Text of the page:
Why Good People Can’t Get Jobs
The Skills Gap and What Companies Can Do About It
Even in a time of perilously high unemployment, companies contend that they cannot find the employees they need. Pointing to a skills gap, employers argue applicants are simply not qualified; schools aren’t preparing students for jobs; the government isn’t letting in enough high-skill immigrants; and even when the match is right, prospective employees won’t accept jobs at the wages offered.
In this powerful and fast-reading book, Peter Cappelli, Wharton management professor and director of Wharton’s Center for Human Resources, debunks the arguments and exposes the real reasons good people can’t get hired. Drawing on jobs data, anecdotes from all sides of the employer-employee divide, and interviews with jobs professionals, he explores the paradoxical forces bearing down on the American workplace and lays out solutions that can help us break through what has become a crippling employer-employee stand-off.
Among the questions he confronts: Is there really a skills gap? To what extent is the hiring process being held hostage by automated software that can crunch thousands of applications an hour? What kind of training could best bridge the gap between employer expectations and applicant realities, and who should foot the bill for it? Are schools really at fault?
Named one of HR Magazine’s Top 20 Most Influential Thinkers of 2011, Cappelli not only changes the way we think about hiring but points the way forward to rev America’s job engine again and put people back to work.
Praise for Why Good People Can’t Get Jobs
“Explodes the ‘skills gap’ explanation favored by many corporate leaders and human resources consultants.”
—Jena McGregor, The Washington Post
“Peter Cappelli’s new book addresses one of today’s major conundrums: why do so many jobs in America remain unfilled in the face of persistently high unemployment? With so many concerned observers looking to the government to solve the jobs crisis, Cappelli’s book is a refreshing and highly readable treatise on the roles and responsibilities of the private sector in matching job seekers to jobs. A must-read for those interested in how to get US employment back on track.” —Jennifer Blanke, Lead Economist, World Economic Forum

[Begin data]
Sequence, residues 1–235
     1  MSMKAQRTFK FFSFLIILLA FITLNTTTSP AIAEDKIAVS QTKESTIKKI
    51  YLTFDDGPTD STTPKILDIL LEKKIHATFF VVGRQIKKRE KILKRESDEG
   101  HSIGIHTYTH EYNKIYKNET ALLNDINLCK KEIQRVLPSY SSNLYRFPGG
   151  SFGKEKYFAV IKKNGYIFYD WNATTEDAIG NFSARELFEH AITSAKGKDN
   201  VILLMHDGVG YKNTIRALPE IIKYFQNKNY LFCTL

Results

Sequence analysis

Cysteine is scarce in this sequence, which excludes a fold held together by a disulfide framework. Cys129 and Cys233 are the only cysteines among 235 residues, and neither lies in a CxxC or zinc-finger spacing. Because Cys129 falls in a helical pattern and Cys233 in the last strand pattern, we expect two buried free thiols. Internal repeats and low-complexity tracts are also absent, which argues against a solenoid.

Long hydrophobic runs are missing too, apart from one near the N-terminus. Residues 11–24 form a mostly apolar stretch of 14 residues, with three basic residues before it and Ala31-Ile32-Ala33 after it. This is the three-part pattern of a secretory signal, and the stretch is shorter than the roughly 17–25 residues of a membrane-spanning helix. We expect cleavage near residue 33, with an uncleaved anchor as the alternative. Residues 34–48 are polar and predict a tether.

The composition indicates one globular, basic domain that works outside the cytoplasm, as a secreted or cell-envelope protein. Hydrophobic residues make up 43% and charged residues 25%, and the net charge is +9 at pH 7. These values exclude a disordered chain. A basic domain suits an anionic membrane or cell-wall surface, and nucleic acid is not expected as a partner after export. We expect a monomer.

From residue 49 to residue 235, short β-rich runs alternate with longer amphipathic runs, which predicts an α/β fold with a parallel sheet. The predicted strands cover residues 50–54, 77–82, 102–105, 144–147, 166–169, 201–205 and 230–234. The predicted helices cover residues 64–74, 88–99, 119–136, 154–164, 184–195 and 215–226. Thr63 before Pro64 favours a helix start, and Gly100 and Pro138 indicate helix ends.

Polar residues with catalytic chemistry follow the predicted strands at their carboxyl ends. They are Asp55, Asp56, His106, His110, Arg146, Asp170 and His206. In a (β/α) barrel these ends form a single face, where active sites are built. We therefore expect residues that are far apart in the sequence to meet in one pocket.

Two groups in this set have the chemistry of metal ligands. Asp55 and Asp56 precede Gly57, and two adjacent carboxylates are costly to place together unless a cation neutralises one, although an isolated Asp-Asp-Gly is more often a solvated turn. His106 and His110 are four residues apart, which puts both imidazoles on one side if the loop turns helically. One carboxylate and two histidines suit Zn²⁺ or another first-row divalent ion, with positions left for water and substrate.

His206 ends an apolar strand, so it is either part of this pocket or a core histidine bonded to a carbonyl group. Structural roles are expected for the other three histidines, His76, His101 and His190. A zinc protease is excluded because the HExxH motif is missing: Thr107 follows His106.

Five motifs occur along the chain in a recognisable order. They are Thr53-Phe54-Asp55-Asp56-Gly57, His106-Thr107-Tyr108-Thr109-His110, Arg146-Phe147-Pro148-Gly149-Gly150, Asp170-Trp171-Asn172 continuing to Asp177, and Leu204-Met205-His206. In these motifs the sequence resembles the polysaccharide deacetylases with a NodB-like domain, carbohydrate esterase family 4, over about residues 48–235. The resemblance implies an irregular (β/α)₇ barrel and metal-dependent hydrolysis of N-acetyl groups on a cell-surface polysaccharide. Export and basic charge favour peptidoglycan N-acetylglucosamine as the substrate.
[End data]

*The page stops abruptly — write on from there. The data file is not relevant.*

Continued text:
“Peter Cappelli has produced a valuable and very readable examination of the important, but often misunderstood, skills gap problem. He punctures many common myths and outlines a sensible way to better match the demand for, and supply of, skills.”—Ray Marshall, Rapoport Centennial Chair of Economics and Public Affairs, University of Texas at Austin, and Former Secretary of Labor
“It is high time to dismiss a silo approach to education and workforce and focus on the overall objective of these efforts, which is ensuring that every American has access to a training mechanism that will allow them to maximize their human potential. Such an approach requires greater engagement of corporate human resource departments, training providers and government leaders. Bravo to Dr. Cappelli for highlighting the importance of taking a supply chain approach to worker training and public-private partnerships.”—Cordell Carter, Former Vice President, Public Policy, Business Roundtable
- "Why Companies Aren't Getting the Employees They Need," Wall Street Journal
- “Companies’ training cuts add to jobless woes,” USA Today.com
- “If There’s a Gap, Blame It on the Employer,” NY Times.com
- “Why You Can’t Get a Job,” WashingtonPost.com
- “Peter Cappelli on ‘Why Good People Can’t Get Jobs’” WHYY Radio
- “The Skills Gap Myth: Why Companies Can’t Find Good People” Time.com
- “Declining Employee Loyalty: A Casualty of the New Workplace” Knowledge@Wharton
- Professor Cappelli teaches in the following Wharton Executive Education Program: Advanced Management Program